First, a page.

U.S. to withdraw majority of forces from Somalia by early 2021

Photo taken on Feb. 19, 2020 shows the Pentagon seen from an airplane over Washington D.C., the United States. (Xinhua/Liu Jie)

The latest decision indicates that President Donald Trump is determined to downgrade U.S. participation in distant wars before his presidency ends.

WASHINGTON, Dec. 4 (Xinhua) — The Pentagon said on Friday that President Donald Trump had ordered to pull the majority of U.S. military forces out of Somalia by early 2021.

“As a result of this decision, some forces may be reassigned outside of East Africa. However, the remaining forces will be repositioned from Somalia into neighboring countries in order to allow cross-border operations by both U.S. and partner forces to maintain pressure against violent extremist organizations operating in Somalia,” the Pentagon said in a statement.

The statement downplayed this move as a change in U.S. force posture rather than a change in policy. “The U.S. will retain the capability to conduct targeted counterterrorism operations in Somalia, and collect early warnings and indicators regarding threats to the homeland,” it added.

The United States reportedly has roughly 700 troops stationed in Somalia to assist local forces against al-Shabaab, a terrorist group linked to al-Qaeda.

U.S. Acting Secretary of Defense Christopher Miller (L) welcomes Uzbek Foreign Minister Abdulaziz Kamilov at the Pentagon in Arlington, Virginia, the United States, on Nov. 19, 2020. (Photo by Ting Shen/Xinhua)

Trump’s intention to withdraw troops from Somalia has emerged in media reports for weeks. Somali President Mohamed Farmajo signaled his concern about this move back in mid-October.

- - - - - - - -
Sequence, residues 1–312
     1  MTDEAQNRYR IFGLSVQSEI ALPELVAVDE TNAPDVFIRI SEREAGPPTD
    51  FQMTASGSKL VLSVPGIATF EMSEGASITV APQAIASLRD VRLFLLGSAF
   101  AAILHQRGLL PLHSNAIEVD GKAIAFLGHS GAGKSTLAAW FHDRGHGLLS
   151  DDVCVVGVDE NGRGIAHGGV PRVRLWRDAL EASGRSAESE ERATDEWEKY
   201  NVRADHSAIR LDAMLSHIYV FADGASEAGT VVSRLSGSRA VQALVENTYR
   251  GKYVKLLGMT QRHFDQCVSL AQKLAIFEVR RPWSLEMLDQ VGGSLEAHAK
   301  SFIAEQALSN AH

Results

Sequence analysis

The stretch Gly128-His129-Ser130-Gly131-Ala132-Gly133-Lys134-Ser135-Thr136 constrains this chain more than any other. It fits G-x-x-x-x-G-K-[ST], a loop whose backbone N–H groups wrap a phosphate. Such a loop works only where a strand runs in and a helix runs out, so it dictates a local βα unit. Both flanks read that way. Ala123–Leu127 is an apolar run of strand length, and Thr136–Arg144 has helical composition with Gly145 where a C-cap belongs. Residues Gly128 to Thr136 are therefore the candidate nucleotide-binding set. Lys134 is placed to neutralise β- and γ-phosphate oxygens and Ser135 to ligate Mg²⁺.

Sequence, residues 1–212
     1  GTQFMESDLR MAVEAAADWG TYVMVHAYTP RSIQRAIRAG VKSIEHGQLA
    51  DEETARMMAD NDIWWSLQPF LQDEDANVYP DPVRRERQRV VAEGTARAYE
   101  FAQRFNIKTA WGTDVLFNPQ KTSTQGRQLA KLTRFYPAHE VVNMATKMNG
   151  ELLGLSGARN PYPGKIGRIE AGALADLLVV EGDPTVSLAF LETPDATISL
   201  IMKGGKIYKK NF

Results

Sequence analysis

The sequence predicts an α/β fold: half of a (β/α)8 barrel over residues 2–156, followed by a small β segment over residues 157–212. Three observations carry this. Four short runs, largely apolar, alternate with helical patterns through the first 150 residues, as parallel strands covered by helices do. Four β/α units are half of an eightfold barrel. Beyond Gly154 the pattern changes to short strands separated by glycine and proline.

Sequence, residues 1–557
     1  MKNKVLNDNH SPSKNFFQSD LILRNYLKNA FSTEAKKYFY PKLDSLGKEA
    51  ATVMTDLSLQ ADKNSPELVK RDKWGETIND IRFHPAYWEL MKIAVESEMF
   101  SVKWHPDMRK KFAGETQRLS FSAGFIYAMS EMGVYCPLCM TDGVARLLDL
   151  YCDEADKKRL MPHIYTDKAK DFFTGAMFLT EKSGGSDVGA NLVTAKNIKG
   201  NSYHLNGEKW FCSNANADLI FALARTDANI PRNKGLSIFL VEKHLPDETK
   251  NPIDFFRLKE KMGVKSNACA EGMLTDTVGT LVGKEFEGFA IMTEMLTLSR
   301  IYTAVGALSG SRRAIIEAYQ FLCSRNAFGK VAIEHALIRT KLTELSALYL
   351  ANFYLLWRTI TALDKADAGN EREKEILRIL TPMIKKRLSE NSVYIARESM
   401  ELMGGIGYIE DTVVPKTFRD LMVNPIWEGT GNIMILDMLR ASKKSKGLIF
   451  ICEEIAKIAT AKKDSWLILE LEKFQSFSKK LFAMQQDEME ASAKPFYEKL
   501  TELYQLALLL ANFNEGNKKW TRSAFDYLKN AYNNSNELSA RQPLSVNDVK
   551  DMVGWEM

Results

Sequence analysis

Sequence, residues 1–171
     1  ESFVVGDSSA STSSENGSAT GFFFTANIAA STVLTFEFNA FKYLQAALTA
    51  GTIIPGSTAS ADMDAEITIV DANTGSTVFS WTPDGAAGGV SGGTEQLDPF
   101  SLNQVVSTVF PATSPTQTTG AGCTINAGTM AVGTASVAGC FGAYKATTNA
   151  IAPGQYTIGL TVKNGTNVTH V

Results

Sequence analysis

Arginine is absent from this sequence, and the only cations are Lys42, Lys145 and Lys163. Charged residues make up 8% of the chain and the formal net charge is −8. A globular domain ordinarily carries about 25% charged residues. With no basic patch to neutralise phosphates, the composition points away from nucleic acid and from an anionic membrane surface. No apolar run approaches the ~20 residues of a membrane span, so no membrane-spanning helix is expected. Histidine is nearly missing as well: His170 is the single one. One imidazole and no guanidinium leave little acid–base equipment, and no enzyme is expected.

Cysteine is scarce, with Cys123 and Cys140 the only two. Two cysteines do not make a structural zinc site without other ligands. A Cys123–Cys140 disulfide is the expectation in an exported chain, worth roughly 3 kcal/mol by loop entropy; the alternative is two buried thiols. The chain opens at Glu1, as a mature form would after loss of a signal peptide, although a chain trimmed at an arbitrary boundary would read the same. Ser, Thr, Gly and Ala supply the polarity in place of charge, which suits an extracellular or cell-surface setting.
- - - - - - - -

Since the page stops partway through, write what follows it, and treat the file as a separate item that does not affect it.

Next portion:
“The United States military support to Somalia has enabled us to effectively combat Al-Shabab and secure the Horn of Africa. A victory through this journey and for Somali-US partnership can only be achieved through continuous security partnership and capacity building support,” he tweeted.

U.S. media said that the newly appointed Acting Defense Secretary Christopher Miller supported this move, effectively reversing the course set by former Pentagon chief Mark Esper, who favored maintaining U.S. military presence in the East African country.

The latest decision indicates that Trump is determined to downgrade U.S. participation in distant wars before his presidency ends. The Pentagon last month announced U.S. troops in Afghanistan and Iraq would be reduced to 2,500 level respectively by mid-January 2021.

Currently, there are approximately 4,500 U.S. troops in Afghanistan, and 3,000 troops in Iraq to support Iraqi forces in battles against remnants of the Islamic State, mainly for training and advisory purposes.

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